I love Excel spreadsheets. There’s nothing more satisfying than turning a blank Excel grid into a fountain of data and conclusions. Invite over pivot tables, external data, and macros, and suddenly you have an entire business analysis party. You can confidently make big dollar decisions from small and simple cells – or so we think.
Knowing my dependence and appreciation of spreadsheets, a good friend sent me a very interesting Wall Street Journal article, 88% of Spreadsheets Have Errors by Jeremy Olshan. In the article, Olshan exposes how almost all spreadsheets have at least one error in them, and large spreadsheets are usually filled with mistakes. We often are so rushed to get the calculated conclusion to other people that we don’t take time to check our formulas and have someone else proofread our work. Miscalculations and mistrust of analysis can often be the result. The article mentions major economic research that drew incorrect conclusions based on flawed spreadsheet formulas. Likewise, I’d like to share a story of how incorrect cells can wreak havoc on supply chains.
I still shudder to think that a simple, one-sheet spreadsheet completely ruined two weeks of my life.
My company uses a barcode printing program that pulls its information from a simple spreadsheet. The spreadsheet allows users to easily enter the item number they need, and the close-by thermal printer quickly spits out the barcode stickers. I had set up the spreadsheet to pull all the necessary information, including the 12-digit barcode and description, from external sources when the item number was typed in. The formulas worked great, and the spreadsheet seemed perfectly self-explanatory. Or so I thought.
Because the interface was so easy to use, more and more employees began to use it to print barcodes. This was great for me because I was not called out seven times a day to print the stickers. However, the lack of standardized training and safeguards eventually created a problem. Seeing the UPC column, someone replaced my formula that calculated the UPC with a static 12-digit UPC number for the item they needed. Having been saved with the incorrect number, the spreadsheet now printed the same, incorrect UPC barcode for every item. However, because the description was correct, no one caught the error. Worst of all, that week we had a big project that required a large number of labels.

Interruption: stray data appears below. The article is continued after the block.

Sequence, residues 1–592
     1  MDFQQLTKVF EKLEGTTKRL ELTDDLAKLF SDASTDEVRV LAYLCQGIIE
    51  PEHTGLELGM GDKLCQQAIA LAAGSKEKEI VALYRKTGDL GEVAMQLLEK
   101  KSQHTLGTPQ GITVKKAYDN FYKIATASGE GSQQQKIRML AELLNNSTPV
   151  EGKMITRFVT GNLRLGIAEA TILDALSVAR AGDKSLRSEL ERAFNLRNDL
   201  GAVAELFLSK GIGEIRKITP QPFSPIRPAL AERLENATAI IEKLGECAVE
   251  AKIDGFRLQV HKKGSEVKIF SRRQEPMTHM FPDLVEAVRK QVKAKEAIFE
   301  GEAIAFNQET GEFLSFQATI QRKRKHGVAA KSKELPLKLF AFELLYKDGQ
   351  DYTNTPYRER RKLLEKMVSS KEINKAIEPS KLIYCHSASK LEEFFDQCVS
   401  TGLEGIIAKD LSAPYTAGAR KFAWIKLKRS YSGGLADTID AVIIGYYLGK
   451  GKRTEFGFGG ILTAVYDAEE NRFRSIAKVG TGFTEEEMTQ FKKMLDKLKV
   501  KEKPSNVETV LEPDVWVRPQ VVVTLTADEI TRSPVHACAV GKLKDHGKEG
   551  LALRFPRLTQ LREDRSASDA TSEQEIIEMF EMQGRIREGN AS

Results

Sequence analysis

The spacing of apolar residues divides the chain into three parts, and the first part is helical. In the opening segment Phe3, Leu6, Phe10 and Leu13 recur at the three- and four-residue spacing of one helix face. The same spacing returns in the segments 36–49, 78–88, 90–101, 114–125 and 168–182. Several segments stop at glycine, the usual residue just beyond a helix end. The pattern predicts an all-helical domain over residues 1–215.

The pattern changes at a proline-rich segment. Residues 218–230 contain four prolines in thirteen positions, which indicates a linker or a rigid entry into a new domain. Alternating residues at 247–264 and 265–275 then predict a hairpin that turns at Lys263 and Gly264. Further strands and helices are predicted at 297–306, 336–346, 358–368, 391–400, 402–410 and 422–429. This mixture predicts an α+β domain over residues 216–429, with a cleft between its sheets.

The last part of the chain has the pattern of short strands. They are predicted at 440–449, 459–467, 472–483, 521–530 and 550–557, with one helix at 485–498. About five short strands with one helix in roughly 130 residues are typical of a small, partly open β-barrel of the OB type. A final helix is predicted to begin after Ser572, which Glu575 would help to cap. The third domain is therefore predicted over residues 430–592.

One of our customers increased their orders significantly for an item that we had to label individually. This amounted to over 50,000 incorrect barcodes stickers that we put on, and then shipped without knowing the error. They went out the door on time, and the problem wasn’t fully realized until the product was already set in thousands of retail locations.
Was the Spreadsheet to Blame?
So who or what can we really blame for this mistake? After lots of pondering, I couldn’t blame anyone but myself – the creator of the spreadsheet. I don’t know who changed the cell, but it really wasn’t that person’s fault. Whenever I create a process, program, or spreadsheet for others, I need to make sure it’s error-proof. To fix it, I immediately locked down all the cells and rewrote the spreadsheet to be much harder to incorrectly edit (some simple poka-yoke, or in English, error-proofing). Just as important, we added a barcode-check step in which we scan the barcode and get a second pair of eyes to approve it. So, when the malevolent spreadsheet decides to strike again, we’ll be able to catch it.
While this may be a story more on the need for better processes, it also illustrates the devastating power one spreadsheet cell can conjure.
In the end, the retailer was able to change their computer system to accept the incorrect barcode, so the effect on end consumers was very minimal. The real pains were internal as we identified our process problems and worked to correct them. Of course, I lost some sleep and worked under heavy stress for a couple weeks, but as a result, I learned some important lessons – not the least of which concerns spreadsheets.